Growing Online Income

How to Choose a Credit Card

9.18K 5

Choosing a credit card might be one of the biggest financial decisions you make this year. There’s a lot of different credit cards out there and you really need to figure out what kind of spending you’ll do. It’s important that you’re realistic about what kind of limit you want, as well. I recently got a new credit card after a few weeks of serious hunting to find one that would best my needs. From reading online credit card surveys to checking the fine print, I really put in the extra effort to make sure I got a good card for my personal needs. Here are my tips on how to choose a credit card, take a look and get yourself prepared to make a really educated choice regarding credit cards! 

1) Check Online Surveys
There are a number of credit card surveys, such as the uSwitch survey, which put the top credit cards to the test to see who comes out on top. Unsurprisingly, American Express came out on top as the best overall credit card. This card consistently ranks in the top few spots year-after-year and when you’re choosing a credit card you want one that offers exceptional value for money, customer support and usability.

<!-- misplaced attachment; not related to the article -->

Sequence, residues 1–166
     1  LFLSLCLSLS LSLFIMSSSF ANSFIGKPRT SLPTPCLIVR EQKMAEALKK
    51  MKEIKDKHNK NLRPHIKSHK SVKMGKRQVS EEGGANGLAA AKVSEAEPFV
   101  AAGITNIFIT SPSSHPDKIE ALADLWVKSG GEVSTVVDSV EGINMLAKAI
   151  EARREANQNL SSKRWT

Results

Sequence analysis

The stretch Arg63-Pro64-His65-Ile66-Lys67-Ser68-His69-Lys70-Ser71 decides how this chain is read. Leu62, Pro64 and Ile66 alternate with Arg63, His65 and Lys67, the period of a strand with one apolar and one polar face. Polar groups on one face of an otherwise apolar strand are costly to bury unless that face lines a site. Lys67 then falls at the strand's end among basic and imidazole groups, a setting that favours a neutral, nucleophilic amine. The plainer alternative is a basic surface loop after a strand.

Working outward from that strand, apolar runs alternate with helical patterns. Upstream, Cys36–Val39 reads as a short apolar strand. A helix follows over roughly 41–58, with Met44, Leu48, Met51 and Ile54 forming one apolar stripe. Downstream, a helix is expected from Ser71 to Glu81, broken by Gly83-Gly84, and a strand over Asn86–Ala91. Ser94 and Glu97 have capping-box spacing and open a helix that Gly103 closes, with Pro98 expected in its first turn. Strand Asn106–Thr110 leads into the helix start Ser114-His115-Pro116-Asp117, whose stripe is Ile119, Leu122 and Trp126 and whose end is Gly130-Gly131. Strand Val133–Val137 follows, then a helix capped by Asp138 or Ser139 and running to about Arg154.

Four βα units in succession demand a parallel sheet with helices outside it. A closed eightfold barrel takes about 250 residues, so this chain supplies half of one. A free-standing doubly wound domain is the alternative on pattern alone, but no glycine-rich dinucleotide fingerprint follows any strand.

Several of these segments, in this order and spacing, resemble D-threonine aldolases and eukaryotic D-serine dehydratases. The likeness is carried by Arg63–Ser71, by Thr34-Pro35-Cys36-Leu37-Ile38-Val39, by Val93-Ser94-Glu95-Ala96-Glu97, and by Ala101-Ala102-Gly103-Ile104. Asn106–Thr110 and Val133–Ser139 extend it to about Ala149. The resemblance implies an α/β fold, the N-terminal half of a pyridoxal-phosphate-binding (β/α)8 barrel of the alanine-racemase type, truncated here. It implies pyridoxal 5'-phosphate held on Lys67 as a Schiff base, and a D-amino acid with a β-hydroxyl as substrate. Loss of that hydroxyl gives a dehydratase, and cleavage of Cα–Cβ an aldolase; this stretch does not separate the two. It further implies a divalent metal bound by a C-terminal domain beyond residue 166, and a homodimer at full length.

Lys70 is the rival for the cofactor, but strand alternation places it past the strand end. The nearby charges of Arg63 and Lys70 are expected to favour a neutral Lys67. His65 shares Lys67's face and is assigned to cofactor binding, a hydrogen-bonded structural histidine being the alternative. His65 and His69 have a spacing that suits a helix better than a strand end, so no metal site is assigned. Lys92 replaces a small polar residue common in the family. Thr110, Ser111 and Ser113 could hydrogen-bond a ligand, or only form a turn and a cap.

2) Think About Points
Are you looking to collect airpoints or reward points from your credit card? If so, then you should look at options your bank offers that meets your needs. I personally decided I wanted a card that gave me points I could redeem for free flights. Unfortunately, credit cards in New Zealand are not that competitive and I get a low number of points compared to my spending, but it all adds up. 

3) Get a Realistic Limit

When I applied for my credit card I was automatically given a $25,000 limit, which is a terrifying amount of money for me personally. I immediately changed my credit card limit down to $10,000 which I think is a lot more manageable. I don’t really use my credit card for credit, so much, more like a debit card with some extra features. Don’t make the mistake that so many others have made and get yourself into credit card trouble. 

4) Read the Fine Print
It’s really important that you take some time to read the fine print so there are no nasty surprises. This includes reading about any interest you might recur and what kind of time frame you need to make payments within. Credit cards can be a great way to improve your overall credit rating if you’re careful and keep up to date with payments. If you regularly miss payments and overspend, your credit card could have a negative impact on your credit rating – so be careful and think long term, too. 

Do you use credit cards or do you avoid them all together? Have you got any tips to bare in mind when choosing a credit card? Let me know in the comments below.